DS: It seems like lighting struck twice.

MR: That’s how I look at it. It certainly struck twice in my lifetime. I’ll mention another analogy that helps with the LTCM case, and a little less with the case of portfolio insurance. LTCM claimed it had found markets that were inefficient, in which the return per unit of risk was higher than it should have been. That may be true, and LTCM may yet prove it to us. But you can also take the view that the profits the fund was making were similar to what would happen if you went to Las Vegas and played roulette.

Let’s suppose, for the sake of this discussion, that the roulette wheel only has numbers one through 36 on it, and that it doesn’t have a zero or a double zero. If you place one chip on each of the numbers from one through 35, you will win a small amount most of the time. Now suppose you borrowed most of the money to finance the 35 chips you bet. You’d find that most of the time you’d earn a high rate of return on your capital, but that, on average, one out of 36 times you would lose it all.

That’s the way you can think about LTCM, if you wanted to make its strategies consistent with an efficient market. LTCM was drawn into situations in which there was little apparent mispricing. The fund would hedge to take advantage of that slight mispricing, and would then leverage itself. But if you consider the fact that you can land on 36, there isn’t any mispricing. I don’t know enough about LTCM’s markets; in our case, when people looked at portfolio insurance they thought it would work reasonably well, but they ignored the possibility of landing on 36. Once they realized that, the interest in portfolio insurance lessened.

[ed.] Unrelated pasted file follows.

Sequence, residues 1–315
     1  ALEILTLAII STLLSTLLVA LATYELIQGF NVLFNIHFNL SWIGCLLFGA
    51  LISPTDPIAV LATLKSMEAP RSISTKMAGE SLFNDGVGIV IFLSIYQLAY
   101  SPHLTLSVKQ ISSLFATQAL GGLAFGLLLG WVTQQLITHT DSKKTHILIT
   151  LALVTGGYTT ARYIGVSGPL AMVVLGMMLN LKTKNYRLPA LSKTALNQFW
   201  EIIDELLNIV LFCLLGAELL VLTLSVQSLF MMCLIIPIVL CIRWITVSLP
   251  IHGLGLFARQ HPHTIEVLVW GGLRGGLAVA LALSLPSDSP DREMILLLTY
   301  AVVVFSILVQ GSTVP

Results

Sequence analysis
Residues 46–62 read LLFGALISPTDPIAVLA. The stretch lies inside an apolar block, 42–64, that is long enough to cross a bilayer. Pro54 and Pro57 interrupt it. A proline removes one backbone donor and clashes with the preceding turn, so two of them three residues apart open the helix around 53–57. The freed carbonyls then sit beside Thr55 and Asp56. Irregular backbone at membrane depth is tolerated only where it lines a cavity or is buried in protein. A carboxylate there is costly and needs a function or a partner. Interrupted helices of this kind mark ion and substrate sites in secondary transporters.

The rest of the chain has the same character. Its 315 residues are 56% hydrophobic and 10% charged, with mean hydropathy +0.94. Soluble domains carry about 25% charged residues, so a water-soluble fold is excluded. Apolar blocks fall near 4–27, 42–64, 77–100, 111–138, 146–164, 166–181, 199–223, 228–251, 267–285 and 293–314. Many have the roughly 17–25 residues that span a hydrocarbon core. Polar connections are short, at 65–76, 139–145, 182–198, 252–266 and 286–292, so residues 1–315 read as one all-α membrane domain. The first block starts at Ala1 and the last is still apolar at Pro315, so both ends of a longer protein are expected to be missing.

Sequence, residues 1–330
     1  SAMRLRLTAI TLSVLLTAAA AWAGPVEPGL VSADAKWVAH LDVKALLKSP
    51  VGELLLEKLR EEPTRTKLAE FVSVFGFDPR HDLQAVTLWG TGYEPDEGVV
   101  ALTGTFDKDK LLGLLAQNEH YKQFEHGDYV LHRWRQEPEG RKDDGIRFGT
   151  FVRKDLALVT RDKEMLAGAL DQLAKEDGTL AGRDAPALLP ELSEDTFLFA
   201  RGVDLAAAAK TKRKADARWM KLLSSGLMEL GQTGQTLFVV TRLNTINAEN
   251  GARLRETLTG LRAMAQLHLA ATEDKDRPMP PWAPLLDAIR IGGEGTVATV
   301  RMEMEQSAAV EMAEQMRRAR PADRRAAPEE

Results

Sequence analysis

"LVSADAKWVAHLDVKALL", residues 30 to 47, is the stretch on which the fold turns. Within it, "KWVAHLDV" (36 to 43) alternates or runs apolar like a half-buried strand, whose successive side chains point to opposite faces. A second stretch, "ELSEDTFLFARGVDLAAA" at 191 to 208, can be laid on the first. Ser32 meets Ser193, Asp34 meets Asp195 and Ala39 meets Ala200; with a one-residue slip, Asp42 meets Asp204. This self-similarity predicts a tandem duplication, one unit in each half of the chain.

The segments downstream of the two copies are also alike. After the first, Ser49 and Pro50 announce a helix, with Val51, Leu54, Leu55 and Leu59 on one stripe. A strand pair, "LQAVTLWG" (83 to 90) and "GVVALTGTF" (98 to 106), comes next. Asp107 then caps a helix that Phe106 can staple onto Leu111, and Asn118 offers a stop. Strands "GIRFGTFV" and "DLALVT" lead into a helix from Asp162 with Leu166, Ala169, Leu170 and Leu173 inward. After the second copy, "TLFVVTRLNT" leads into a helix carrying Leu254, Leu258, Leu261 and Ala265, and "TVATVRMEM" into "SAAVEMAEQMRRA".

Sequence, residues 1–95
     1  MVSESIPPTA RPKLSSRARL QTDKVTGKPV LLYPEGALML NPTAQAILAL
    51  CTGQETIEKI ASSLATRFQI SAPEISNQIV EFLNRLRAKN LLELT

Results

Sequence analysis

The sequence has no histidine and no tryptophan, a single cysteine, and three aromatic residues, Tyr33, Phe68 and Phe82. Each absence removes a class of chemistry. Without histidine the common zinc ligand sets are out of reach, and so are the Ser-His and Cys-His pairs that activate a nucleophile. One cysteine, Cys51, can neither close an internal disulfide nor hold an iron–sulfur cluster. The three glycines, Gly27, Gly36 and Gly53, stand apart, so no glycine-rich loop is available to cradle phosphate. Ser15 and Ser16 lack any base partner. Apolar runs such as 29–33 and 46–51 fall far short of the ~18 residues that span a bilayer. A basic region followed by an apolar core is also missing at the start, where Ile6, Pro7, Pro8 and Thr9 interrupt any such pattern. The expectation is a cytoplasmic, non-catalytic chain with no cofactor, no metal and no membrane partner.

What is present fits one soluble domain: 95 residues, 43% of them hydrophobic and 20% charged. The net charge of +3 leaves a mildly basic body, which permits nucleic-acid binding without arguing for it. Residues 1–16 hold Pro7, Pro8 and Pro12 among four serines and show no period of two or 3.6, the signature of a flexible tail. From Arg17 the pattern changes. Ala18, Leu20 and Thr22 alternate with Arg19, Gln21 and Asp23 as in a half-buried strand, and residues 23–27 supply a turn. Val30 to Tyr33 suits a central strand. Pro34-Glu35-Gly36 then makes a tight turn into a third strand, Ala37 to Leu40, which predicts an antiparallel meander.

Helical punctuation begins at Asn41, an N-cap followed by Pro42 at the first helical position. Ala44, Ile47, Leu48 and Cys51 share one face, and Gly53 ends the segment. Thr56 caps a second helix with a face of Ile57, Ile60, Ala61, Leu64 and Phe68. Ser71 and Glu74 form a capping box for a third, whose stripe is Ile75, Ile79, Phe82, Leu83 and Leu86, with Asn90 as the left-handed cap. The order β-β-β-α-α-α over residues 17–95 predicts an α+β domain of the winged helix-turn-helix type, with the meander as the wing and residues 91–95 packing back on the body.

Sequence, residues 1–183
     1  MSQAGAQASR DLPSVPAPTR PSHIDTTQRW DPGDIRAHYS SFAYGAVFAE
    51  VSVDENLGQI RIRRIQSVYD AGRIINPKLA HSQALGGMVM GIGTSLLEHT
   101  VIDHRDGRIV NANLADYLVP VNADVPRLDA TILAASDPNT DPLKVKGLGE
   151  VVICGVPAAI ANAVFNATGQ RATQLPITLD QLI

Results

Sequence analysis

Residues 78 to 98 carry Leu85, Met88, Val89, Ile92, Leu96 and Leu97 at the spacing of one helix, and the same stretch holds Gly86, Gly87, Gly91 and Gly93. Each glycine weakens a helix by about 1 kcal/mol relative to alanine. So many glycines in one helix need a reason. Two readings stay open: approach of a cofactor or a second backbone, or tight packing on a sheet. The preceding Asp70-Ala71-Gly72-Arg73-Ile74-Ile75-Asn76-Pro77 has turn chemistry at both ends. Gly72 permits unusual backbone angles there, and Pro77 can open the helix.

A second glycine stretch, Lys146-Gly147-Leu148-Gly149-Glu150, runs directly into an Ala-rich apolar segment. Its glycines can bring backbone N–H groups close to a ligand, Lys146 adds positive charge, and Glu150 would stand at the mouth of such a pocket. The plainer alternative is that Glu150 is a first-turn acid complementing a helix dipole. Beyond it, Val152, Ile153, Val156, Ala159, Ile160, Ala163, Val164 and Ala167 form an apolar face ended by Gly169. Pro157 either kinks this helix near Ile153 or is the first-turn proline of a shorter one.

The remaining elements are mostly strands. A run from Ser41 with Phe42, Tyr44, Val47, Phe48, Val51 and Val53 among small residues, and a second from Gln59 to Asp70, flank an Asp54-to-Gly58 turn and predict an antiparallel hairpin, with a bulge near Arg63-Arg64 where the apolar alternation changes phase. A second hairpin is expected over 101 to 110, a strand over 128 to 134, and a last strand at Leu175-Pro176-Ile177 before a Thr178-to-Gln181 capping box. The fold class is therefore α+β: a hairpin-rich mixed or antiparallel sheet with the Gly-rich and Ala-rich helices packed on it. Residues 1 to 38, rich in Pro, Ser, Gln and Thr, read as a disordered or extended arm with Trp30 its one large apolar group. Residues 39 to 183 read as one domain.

“You have to look at the strategy and ask, Can I think of a stress test in which everything goes wrong? Then you have to go further and be creative in thinking about the future.”

The general problem with one–35 and 36 is one of evaluating investment strategies. A lesson we can draw is that when we look at the performance of an investment manager, we now have to ask ourselves, Is this a strategy that wins 35 out of 36 times, but really blows it the 36th time? Because of this problem, it’s easy to be deceived by a manager’s track record.

DS: What measures would you use to avoid that problem? Standard methodologies such as stress testing and Sharpe ratios?

MR: The problem is that the managers we’re talking about would have sailed right through those tests because of their reliance on past data. I don’t have a silver bullet for this. In some cases, you can catch it because it is obvious—for example, all a manager may be doing is selling out-of-the-money put options.

You have to look at the strategy and ask, Can I think of a stress test in which everything goes wrong? Then you have to go further and be creative in thinking about the future. What kinds of things can happen? Are there situations in which liquidity will dry up and I won’t be able to get out of my positions? And then you have to be even more creative than that. Because the next event may not be a liquidity event. It may be something else.